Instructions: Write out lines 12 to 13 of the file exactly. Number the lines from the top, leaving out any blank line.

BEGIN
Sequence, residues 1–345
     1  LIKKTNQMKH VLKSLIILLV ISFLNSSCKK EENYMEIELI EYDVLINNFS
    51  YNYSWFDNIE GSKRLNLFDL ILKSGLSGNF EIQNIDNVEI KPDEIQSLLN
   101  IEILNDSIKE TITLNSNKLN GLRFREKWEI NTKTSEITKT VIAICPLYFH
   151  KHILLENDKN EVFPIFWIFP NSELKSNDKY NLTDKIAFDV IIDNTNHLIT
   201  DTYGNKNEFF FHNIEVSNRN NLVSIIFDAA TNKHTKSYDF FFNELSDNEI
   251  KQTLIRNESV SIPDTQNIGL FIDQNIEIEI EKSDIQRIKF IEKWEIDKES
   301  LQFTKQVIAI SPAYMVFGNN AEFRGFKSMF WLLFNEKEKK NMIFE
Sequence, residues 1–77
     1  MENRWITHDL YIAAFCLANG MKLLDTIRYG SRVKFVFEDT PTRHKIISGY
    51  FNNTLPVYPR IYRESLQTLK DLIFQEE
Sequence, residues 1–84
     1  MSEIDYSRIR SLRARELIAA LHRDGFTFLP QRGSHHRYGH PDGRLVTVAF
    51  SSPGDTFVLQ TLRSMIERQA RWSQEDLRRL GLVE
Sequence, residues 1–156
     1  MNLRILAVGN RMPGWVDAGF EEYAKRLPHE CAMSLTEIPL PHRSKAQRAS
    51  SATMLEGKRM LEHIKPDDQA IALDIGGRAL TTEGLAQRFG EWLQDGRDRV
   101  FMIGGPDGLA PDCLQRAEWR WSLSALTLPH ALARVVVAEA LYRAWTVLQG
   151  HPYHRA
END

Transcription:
Sequence, residues 1–84
     1  MSEIDYSRIR SLRARELIAA LHRDGFTFLP QRGSHHRYGH PDGRLVTVAF